F5 Networks has announced that it will acquire Acopia Networks for £110m in cash to bolster its application-delivery line.
Acopia, which was founded by industry veteran Cheng Wu in 2002, makes an appliance that virtualises files stored on network-attached storage devices and file servers. Wu had previously founded ArrowPoint Communications, which he sold to Cisco, and Arris Networks, which was acquired by Cascade.
"This acquisition is highly complementary to F5's strategy of optimising the application infrastructure from the core of the data centre to the edge of the network," John McAdam, president and CEO of F5 Networks, said in a statement.
Acopia's ARX Series appliances create a global namespace over the files on the network that lets IT administrators automate and enforce data-management policies in the network.
Analysts say that although the market in which these companies play has already consolidated quite a bit, more could be on the way.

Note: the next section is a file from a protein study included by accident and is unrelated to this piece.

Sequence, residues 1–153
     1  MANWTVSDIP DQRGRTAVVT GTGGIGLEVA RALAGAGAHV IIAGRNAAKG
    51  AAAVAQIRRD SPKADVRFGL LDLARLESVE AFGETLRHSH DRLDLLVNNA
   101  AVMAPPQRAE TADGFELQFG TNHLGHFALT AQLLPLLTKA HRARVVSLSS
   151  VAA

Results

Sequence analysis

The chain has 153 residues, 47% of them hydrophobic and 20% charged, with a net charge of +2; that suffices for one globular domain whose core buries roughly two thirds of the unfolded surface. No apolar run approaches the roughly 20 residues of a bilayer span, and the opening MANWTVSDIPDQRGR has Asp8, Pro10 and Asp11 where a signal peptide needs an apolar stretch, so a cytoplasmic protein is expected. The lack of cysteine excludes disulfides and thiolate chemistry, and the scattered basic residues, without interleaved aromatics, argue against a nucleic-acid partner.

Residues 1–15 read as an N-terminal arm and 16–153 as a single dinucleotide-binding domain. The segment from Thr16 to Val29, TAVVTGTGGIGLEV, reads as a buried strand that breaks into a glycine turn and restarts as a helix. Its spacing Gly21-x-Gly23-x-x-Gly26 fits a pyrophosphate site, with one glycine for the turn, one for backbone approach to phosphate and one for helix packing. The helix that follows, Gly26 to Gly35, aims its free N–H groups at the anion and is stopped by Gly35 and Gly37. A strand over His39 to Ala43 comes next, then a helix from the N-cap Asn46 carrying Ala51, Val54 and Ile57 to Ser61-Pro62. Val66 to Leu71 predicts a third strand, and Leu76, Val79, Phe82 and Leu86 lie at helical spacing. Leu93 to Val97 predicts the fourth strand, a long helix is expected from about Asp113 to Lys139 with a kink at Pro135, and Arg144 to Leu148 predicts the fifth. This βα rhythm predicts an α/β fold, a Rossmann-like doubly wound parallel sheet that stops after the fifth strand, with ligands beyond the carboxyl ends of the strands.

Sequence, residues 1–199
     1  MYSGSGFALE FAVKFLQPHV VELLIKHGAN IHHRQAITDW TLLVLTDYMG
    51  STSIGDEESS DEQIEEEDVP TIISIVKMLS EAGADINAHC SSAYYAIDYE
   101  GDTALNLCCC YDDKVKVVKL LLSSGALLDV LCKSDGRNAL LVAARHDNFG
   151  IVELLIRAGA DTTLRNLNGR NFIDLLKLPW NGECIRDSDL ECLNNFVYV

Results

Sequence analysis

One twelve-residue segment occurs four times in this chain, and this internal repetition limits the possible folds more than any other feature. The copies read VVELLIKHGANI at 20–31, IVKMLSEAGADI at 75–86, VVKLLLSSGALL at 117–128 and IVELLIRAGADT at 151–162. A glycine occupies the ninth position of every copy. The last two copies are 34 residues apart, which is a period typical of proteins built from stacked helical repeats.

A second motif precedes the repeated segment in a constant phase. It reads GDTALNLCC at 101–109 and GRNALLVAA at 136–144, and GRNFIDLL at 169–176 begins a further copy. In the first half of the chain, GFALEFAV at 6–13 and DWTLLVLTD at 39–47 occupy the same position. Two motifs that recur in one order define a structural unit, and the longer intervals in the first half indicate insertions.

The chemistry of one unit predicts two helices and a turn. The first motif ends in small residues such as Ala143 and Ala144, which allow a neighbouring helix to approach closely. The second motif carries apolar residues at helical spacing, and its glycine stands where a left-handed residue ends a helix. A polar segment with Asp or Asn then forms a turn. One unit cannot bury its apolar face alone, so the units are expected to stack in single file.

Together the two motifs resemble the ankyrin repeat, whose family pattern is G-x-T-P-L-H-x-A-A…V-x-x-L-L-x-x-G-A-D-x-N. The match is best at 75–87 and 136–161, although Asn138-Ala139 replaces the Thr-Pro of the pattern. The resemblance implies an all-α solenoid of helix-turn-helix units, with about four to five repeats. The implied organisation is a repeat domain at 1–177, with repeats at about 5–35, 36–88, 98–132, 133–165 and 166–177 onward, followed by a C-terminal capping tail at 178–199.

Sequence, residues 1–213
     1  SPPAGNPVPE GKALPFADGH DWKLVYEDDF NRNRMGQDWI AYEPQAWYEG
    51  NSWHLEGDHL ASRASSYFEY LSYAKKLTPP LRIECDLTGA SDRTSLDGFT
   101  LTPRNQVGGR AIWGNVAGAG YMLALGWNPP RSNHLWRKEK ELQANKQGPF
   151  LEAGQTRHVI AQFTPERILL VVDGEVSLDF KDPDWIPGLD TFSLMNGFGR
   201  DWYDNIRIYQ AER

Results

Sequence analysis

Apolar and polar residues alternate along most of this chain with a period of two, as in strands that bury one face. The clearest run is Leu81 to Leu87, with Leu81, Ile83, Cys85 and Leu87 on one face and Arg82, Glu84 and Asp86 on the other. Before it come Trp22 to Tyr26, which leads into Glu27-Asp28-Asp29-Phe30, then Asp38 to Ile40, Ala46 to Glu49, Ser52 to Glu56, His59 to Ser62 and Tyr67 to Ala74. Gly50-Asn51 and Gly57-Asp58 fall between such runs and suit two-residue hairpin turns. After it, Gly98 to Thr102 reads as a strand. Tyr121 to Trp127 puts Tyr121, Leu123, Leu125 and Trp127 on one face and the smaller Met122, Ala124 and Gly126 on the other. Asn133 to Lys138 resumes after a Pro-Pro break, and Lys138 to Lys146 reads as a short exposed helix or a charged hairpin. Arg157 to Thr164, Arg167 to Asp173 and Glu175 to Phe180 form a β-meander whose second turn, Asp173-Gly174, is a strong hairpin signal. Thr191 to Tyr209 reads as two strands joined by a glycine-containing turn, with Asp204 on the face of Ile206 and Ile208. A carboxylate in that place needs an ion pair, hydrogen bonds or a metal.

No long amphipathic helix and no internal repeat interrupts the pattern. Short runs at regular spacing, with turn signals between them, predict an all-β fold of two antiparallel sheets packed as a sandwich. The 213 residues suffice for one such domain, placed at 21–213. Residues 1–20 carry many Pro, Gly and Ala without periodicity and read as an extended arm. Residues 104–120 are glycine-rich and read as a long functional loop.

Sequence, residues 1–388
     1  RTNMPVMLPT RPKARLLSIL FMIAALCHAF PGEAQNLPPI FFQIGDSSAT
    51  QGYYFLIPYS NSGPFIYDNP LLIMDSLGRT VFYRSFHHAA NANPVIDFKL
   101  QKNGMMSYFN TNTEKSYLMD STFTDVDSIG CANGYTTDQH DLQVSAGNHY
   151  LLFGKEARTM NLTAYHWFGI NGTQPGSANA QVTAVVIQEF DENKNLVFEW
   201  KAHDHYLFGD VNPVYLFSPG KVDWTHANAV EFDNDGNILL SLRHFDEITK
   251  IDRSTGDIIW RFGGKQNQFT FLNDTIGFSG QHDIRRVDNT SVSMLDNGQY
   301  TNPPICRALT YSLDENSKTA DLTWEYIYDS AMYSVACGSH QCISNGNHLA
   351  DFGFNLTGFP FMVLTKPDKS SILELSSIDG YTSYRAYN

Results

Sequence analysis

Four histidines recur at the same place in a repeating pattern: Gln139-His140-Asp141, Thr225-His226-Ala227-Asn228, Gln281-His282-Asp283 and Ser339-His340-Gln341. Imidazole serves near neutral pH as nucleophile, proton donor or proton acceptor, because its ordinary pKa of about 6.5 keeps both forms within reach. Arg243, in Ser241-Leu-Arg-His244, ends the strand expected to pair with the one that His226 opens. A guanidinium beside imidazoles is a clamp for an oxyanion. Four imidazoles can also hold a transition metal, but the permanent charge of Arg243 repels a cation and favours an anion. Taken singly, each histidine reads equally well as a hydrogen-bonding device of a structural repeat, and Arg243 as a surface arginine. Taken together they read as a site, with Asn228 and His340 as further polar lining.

"In the wide-area file services/acceleration space, that has already pretty much shaken out," says Greg Schulz, senior analyst with Storage IO. "Of the file-virtualisation vendors, Attune has not been acquired and being software-based and Windows- centric, perhaps that could be a play for a Windows-centric vendor. In the data replication and movement space, there are still a few plays left."
Brocade bought file-area network vendor NuView in 2006, and Cisco acquired NeoPath Networks earlier this year. In 2005, EMC gobbled up Rainfinity Networks. Network Appliance provides Brocade's StorageX as the OEM.
IDC says that IT organisations are increasing their deployments of file-based storage by 50% to more than 200% a year as they consolidate data centres and roll out new fixed-content applications.
Acopia had raised £45m in venture funding from Accel Partners, Charles River Ventures, Goldman Sachs, Meritech Capital Partners, Star Ventures and Vesbridge Partners. The company counts among its customers Bear Stearns, Wiley Publishing, Colonial Williamsburg and Merrill Lynch.